Unsplash | Sasun Bughdaryan

Weird Laws That Exist Around The World That Sound Fake

One of the best things about traveling is that it allows you to learn from other people's cultures. It provides a perspective on life that you can't obtain any other way.

Along the way, it also teaches you that while certain countries may be similar — no two are alike. See what I mean and check out these weird laws (that sound fake) but actually exist all over the world.

It's against the law to wear high-heeled shoes to the Acropolis is Athens, Greece.

Unsplash | Mr.Autthaporn Pradidpong

This extends to nearly every single historical site in Greece. The reason is that high-heeled shoes damage the textiles and can leave behind scuff marks, so make sure to have a pair of sneakers handy!

It is illegal to chew gum in Singapore.

Unsplash | Sandra Seitamaa

Not only can you not bring gum into Singapore, but you can't even buy any while you're there. The country outright banned the sale of chewing gum back in 1992.

Men must wear a speedo while on the beach in France.

The powers that be don't want men wandering around the city in their bathing suits. Therefore, they passed the law thinking (correctly so) that no self-respecting man would parade himself about town in a bikini bottom.

Don't try to ride a cow while drunk in Scotland.

Unsplash | Screenroad

This was put on the books after some "clever" Scots thought they could circumvent the country's laws regarding the operation of motor vehicles while intoxicated. You've got to give them full marks for their creativity.

All Canadian radio stations must play a certain percentage of Canadian artists.

Unsplash | Dave Weatherall

Thanks to the CRTC (Canadian Radio‑television and Telecommunications) all Canadian radio stations have to play a certain percentage of Canadian content. I, for one, am actually on board with this law.

Flying a kite is against the law in Victoria, Australia.

Technically, you can do it so long as you aren't "annoying" anyone. As far as what constitutes an annoyance, that remains open to interpretation. Bottom line is that if you fly a kite, and someone complains — you can be fined up to $1000.

Don't feed the pigeons while in Venice.

Unsplash | Rajiv Bajaj

Back in 2006, the city of Venice made it illegal for anyone to feed the pigeons. Tourists would flock from all over the world to feed the birds, and it wound up causing an awful mess.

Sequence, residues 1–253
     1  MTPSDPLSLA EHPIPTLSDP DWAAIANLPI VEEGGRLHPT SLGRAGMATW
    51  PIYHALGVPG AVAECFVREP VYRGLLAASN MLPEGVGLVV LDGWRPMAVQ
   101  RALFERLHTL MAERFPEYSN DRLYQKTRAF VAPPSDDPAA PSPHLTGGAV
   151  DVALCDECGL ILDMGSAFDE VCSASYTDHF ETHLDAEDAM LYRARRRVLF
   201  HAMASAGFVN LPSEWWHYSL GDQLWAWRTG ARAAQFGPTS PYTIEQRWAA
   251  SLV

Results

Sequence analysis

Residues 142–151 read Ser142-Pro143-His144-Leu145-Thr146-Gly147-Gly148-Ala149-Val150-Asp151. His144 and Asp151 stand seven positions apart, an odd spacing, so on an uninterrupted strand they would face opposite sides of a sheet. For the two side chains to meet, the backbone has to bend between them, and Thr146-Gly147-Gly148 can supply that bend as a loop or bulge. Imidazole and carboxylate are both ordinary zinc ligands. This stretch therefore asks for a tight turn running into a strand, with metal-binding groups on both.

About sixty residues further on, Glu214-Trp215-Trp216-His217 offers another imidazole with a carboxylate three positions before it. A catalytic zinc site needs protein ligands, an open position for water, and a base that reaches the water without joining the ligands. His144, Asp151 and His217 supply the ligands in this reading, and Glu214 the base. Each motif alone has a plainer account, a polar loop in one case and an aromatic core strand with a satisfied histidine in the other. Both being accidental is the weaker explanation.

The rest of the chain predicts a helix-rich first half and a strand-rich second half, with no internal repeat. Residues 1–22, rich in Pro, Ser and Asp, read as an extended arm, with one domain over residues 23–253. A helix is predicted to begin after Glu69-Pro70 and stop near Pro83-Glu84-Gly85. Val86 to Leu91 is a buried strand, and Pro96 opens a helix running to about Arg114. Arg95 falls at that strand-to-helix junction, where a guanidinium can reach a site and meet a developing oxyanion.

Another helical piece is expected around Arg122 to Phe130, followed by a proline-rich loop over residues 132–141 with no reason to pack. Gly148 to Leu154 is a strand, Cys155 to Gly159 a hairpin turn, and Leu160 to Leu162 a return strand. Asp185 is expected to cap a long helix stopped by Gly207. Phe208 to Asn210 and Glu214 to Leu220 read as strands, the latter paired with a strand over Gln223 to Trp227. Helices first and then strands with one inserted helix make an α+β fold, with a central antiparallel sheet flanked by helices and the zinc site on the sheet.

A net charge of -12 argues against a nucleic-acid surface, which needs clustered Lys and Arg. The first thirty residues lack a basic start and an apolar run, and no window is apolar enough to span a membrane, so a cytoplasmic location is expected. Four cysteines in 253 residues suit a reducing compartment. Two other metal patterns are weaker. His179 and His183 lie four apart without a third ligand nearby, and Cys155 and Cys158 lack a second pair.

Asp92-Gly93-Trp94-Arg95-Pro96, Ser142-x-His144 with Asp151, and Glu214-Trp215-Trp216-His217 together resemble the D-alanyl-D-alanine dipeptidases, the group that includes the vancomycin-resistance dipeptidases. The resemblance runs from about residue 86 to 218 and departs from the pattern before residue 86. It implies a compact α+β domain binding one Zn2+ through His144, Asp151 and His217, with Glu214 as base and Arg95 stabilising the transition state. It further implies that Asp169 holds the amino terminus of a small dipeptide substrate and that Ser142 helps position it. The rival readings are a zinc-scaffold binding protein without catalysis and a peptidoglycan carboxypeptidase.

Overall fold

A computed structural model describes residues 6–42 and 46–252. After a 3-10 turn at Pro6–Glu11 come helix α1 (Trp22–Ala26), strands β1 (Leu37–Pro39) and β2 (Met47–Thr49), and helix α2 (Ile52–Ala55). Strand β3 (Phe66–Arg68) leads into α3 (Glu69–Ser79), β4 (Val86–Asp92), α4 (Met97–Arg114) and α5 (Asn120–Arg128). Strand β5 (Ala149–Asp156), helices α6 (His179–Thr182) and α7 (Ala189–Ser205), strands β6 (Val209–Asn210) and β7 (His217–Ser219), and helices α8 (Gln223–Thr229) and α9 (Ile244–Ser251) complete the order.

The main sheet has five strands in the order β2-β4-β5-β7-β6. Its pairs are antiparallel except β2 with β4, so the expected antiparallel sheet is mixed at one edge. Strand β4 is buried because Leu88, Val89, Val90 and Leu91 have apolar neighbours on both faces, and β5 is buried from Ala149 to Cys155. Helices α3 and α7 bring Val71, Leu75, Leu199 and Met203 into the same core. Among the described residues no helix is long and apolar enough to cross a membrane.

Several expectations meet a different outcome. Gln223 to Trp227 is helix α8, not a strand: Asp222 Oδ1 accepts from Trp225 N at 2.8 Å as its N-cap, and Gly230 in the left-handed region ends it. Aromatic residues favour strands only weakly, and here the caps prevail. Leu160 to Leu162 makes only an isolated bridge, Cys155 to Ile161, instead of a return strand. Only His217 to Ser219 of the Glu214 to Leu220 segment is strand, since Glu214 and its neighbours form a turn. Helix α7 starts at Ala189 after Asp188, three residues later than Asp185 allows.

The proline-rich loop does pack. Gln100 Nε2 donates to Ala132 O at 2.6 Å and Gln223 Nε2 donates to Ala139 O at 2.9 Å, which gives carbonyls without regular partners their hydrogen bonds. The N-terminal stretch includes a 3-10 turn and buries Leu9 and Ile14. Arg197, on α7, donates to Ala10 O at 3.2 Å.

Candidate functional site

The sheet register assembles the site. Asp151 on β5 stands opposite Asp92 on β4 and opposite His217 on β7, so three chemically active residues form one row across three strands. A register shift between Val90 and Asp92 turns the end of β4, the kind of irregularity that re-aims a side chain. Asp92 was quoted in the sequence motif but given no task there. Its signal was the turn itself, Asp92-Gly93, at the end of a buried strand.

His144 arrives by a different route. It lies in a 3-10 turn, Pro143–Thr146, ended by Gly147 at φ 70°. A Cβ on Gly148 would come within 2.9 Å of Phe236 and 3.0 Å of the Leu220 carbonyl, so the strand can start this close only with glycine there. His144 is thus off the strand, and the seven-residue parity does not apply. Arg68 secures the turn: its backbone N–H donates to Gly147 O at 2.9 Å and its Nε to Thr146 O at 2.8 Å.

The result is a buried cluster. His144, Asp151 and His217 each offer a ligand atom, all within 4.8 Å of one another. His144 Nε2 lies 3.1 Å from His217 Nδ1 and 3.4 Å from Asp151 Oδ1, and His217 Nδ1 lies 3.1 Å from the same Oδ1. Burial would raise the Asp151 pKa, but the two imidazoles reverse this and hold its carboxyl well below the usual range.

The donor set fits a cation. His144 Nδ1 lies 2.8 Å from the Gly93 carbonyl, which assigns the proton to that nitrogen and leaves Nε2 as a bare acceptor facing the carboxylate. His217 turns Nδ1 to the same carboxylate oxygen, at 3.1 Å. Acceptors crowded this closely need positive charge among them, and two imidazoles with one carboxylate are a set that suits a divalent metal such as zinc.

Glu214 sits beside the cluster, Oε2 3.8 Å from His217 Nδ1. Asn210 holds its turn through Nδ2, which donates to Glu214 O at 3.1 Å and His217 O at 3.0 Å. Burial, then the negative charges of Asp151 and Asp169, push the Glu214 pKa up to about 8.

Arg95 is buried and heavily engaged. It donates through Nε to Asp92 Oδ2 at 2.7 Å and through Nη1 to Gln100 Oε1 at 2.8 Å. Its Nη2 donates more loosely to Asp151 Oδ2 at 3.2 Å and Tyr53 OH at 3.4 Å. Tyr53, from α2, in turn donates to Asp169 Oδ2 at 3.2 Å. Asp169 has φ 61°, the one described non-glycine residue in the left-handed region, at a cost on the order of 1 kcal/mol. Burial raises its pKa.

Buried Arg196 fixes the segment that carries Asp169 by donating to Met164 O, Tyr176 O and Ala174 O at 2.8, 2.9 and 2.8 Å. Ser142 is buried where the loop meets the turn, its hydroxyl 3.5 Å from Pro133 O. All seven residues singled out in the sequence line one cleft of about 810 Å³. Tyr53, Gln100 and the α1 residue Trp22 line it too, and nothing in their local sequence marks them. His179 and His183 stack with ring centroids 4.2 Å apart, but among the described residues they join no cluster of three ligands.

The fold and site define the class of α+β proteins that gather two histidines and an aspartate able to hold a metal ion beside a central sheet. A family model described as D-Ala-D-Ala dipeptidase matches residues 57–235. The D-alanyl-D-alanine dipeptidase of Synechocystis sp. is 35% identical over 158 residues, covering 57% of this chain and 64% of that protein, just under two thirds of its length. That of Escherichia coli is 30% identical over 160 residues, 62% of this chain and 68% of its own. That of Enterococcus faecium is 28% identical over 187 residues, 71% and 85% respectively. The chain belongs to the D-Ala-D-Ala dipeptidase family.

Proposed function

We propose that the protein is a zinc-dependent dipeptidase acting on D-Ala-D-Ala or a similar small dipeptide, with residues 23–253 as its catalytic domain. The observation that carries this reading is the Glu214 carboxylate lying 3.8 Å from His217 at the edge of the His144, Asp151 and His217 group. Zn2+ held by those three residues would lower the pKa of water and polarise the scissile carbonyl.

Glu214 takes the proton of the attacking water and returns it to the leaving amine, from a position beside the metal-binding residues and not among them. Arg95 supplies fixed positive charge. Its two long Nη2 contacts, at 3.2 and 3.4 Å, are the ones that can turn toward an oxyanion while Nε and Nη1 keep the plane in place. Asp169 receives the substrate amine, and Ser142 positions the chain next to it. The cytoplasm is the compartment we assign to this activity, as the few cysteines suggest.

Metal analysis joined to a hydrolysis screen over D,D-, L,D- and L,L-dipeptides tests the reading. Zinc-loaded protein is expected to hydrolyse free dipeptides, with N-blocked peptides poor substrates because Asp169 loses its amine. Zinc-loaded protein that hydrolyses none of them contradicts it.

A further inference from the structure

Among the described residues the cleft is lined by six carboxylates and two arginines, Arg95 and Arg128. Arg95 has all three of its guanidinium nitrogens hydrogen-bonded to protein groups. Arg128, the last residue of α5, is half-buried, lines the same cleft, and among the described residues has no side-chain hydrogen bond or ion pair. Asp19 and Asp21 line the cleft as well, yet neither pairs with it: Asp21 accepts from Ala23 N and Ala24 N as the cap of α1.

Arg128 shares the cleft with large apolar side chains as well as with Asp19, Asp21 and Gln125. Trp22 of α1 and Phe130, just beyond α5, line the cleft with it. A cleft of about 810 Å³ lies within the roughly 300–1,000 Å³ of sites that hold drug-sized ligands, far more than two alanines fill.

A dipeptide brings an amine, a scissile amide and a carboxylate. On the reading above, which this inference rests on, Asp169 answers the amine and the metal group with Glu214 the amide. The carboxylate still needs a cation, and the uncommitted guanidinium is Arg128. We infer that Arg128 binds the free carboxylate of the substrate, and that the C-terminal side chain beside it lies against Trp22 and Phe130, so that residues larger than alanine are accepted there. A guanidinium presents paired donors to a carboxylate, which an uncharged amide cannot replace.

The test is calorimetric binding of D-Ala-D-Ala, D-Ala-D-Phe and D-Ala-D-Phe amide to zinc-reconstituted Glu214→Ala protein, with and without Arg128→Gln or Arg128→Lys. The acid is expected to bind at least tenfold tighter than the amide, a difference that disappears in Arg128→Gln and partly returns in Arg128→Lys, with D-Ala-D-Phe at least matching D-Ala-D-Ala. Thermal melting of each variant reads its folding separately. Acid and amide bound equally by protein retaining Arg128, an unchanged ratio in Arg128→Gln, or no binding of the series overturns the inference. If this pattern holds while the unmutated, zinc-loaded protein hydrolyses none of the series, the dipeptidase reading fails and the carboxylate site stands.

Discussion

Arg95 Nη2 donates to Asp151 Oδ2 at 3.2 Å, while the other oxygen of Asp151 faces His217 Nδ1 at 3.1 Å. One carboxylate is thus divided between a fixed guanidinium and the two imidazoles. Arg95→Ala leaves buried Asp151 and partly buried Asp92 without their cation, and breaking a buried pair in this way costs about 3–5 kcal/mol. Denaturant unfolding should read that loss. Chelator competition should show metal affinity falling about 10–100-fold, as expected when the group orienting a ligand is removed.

Poland poo-poos 'Winnie The Pooh'

Poland banned the wearing of Winnie the Pooh t-shirts and other merchandise from all public schools. Apparently, they found his sexuality to be too fluid and his dress attire too dubious. What a silly old bear!

You can be fined for running out of gas on Germany's Autobahn.

Unsplash | Christian

I don't think anyone ever plans to run out of gas, so this law seems somewhat redundant, doesn't it? Regardless of intent, it is deemed illegal due to the fact that it is 100% preventable.

It's illegal to wear a suit of armor to British Parliament in the UK.

Unsplash | Jeremy Bezanger

I personally thought it was because people would try to dress up in suits of armor and pretend that they were statues inside the castle. Apparently, the law has been on the books since the 1300s.

You could go to prison for posing with the Buddha in Sri Lanka.

One thing you never want to do if traveling in Sri Lanka is to pose for a selfie with any statue of the Buddha. Turning your back on the Buddha is considered to be a serious sign of disrespect and can land you a hefty fine/prison sentence.

You can't hike in the nude while in Switzerland.

Unsplash | Austin Ban

I suppose the first question has to be, why would anyone want to hike in the buff? But then again, it wouldn't be a law unless some idiot tried it at least once. Which clearly, they did.

You can't kill a sasquatch in British Columbia, Canada.

It's reading about laws such as this that really make me proud to be a Canadian. As far as anyone knows, no such person has yet been prosecuted for such a violation. Hopefully, that day never arrives!

Don't go topless in Barcelona.

Unsplash | Florian Wehde

That is unless you happen to be at the beach. The city of Barcelona doesn't take kindly to men and women walking around half-naked, and will fine you handsomely for violating this law.

Swearing is forbidden in much of the U.A.E.

Swearing is considered to be a punishable offense in much of the U.A.E., but it doesn't stop there. Vulgar hand gestures, text messages, and even the use of certain emoticons can land you in a whole heap of trouble.